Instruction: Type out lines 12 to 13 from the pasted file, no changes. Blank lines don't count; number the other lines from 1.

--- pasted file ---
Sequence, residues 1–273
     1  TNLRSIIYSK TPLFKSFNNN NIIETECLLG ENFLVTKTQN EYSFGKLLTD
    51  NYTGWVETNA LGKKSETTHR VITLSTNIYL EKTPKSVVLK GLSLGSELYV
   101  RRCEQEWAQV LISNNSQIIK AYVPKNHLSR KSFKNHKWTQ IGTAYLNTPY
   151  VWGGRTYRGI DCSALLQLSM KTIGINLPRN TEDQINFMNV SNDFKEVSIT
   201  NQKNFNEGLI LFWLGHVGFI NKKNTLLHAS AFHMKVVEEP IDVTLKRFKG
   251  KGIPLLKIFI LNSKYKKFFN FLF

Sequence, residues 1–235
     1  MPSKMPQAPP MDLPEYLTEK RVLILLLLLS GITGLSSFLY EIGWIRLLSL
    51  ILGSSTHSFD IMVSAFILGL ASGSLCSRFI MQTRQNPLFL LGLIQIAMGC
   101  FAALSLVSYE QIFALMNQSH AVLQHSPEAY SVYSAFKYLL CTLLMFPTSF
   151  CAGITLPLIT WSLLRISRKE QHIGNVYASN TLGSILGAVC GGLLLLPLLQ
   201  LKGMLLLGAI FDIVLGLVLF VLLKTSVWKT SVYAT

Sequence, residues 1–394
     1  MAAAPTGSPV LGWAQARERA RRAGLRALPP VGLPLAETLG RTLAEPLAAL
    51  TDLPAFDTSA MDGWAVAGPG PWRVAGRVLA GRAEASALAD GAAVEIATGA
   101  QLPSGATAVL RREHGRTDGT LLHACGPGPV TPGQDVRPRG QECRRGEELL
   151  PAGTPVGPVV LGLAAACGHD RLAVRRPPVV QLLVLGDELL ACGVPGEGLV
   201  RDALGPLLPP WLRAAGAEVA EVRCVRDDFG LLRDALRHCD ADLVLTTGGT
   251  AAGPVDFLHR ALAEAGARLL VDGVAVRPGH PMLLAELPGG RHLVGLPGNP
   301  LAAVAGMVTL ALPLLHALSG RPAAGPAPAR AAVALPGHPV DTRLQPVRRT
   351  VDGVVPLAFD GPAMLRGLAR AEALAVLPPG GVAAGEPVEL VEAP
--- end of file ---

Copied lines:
   151  CAGITLPLIT WSLLRISRKE QHIGNVYASN TLGSILGAVC GGLLLLPLLQ
   201  LKGMLLLGAI FDIVLGLVLF VLLKTSVWKT SVYAT